NBC News and news services
updated 5/19/2005 6:31:23 PM ET 2005-05-19T22:31:23

U.S. officials met with North Korean officials in New York last week, the U.S. Embassy in Tokyo said Thursday, in an apparent effort to draw the volatile nation back into six-nation nuclear talks.

Also Thursday, U.S. officials reported the massive movement of more than 1,000 North Korean military trucks and conventional weapons around the capital city Pyongyang, NBC News said.

The officials, who spoke on condition of anonymity, said there appeared to be no immediate cause for alarm because the huge convoys, which included large numbers of artillery, remained in the Pyongyang area with no indication they were headed south toward South Korea.

Meeting amid growing concern
The meeting last week, reportedly held at the North Korean representative office at the United Nations, came as concerns mount that the reclusive regime is moving toward extracting weapons-grade plutonium and could be preparing for a nuclear test.

“We can confirm that we had working-level contact with North Korean officials on Friday, May 13, in New York,” State Department spokeswoman Julie Reside said. “This channel is used to convey messages about U.S. policy, not to negotiate.”

Kyodo News agency, citing anonymous sources, reported that the North said in the meeting it would respond to the discussions in two weeks.

Late Thursday, North Korea rejected Washington’s recognition of its sovereignty earlier this month, calling it a “lie” to conceal a plan to topple its government.

Pyongyang: Nukes protect 'dignity, security'
“It was clear (the Bush administration) is trying to ignite a fire of nuclear war on the Korean Peninsula,” the North’s official Korean Central News Agency quoted an unidentified spokesman at the Committee for the Peaceful Reunification of Fatherland as saying.

“It is very natural for us to strengthen self-defensive nuclear deterrence to protect our people’s dignity and security.”

The United States, China, South Korea, Japan and Russia are trying to persuade North Korea to return to six-nation talks on its nuclear weapons programs. The talks have been stalled since June, and North Korea has boycotted efforts to arrange a new session.

But the North said Thursday after a two-day meeting with South Korea that it was willing to return to the stalled talks.

“Our position is also to peacefully resolve the nuclear issue,” Kim Man Gil, head of North Korea’s delegation, said after the talks in the North border town of Kaesong. “We are also willing to return to the six-nation talks. It’s just that the United States should make the conditions and atmosphere.”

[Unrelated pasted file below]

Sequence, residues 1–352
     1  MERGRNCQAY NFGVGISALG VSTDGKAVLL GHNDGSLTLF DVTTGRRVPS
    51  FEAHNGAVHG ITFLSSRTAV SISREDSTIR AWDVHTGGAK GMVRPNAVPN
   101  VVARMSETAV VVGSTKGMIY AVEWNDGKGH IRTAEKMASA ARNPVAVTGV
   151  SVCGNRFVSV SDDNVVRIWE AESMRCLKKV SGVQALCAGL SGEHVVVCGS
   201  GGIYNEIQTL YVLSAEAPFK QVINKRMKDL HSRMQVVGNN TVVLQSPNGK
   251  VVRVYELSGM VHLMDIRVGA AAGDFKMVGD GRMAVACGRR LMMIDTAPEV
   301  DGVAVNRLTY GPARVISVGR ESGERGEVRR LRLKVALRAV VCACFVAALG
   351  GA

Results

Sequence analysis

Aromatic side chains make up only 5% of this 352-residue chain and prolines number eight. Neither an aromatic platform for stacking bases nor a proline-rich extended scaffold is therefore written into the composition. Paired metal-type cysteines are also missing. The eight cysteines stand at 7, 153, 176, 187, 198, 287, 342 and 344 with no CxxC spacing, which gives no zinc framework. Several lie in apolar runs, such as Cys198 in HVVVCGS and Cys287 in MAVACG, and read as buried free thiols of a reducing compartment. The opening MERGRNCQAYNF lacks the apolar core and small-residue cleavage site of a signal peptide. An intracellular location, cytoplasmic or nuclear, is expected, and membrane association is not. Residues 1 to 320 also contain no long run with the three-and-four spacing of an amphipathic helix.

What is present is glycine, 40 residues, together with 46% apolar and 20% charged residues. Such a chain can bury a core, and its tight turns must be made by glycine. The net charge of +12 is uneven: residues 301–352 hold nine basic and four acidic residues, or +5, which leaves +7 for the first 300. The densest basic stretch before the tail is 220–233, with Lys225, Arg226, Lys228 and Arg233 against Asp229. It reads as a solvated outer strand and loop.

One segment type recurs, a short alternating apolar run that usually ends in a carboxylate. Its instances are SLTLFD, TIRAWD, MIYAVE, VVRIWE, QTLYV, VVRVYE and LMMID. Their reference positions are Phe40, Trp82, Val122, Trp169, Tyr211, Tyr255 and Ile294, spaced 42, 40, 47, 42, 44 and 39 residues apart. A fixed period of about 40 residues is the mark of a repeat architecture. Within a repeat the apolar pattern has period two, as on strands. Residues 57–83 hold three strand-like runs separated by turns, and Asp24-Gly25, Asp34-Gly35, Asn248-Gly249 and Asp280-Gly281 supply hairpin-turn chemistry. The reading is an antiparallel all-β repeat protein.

No progress in North-South talks
The two Koreas concluded their first face-to-face talks in 10 months Thursday without making any progress on the nuclear impasse, although they did agree to hold Cabinet-level meetings next month at which the issue likely will be revisited.

The last time U.S. officials had contact with North Korean officials appeared to be a January congressional delegation to Pyongyang led by Rep. Curt Weldon, vice chairman of the House Armed Services Committee.

Weldon, R-Pa., said after that trip that North Korea appeared ready to negotiate “in a matter of weeks.”

The Bush administration earlier this month offered a couple of carrots to the North — direct talks and recognition of its sovereignty — in a bid to derail its nuclear weapons program.

But Washington has also talked tough with Pyongyang, saying that a nuclear test would be punished, and that the U.S. had not ruled out bringing the case before the U.N. Security Council for consideration of sanctions.

The Boston Globe reported Thursday that last week’s meeting was attended by Joseph DiTrani, the U.S. special envoy to the six-nation nuclear talks, and Jim Foster, the head of the State Department’s Office of Korean Affairs.

No plan to attack
Japan’s Asahi newspaper reported in its Thursday evening edition that senior U.S. State Department officials told North Korean officials in the meeting that Washington recognizes North Korea as a sovereign nation under the leadership of Kim Jong Il.

The U.S. officials also told the North Korean side that the Bush administration does not intend to attack North Korea, Asahi said.

The report said the meeting took place at North Korea’s representative office at the United Nations.

NBC News' Jim Miklaszewski, The Associated Press and Reuters contributed to this report.

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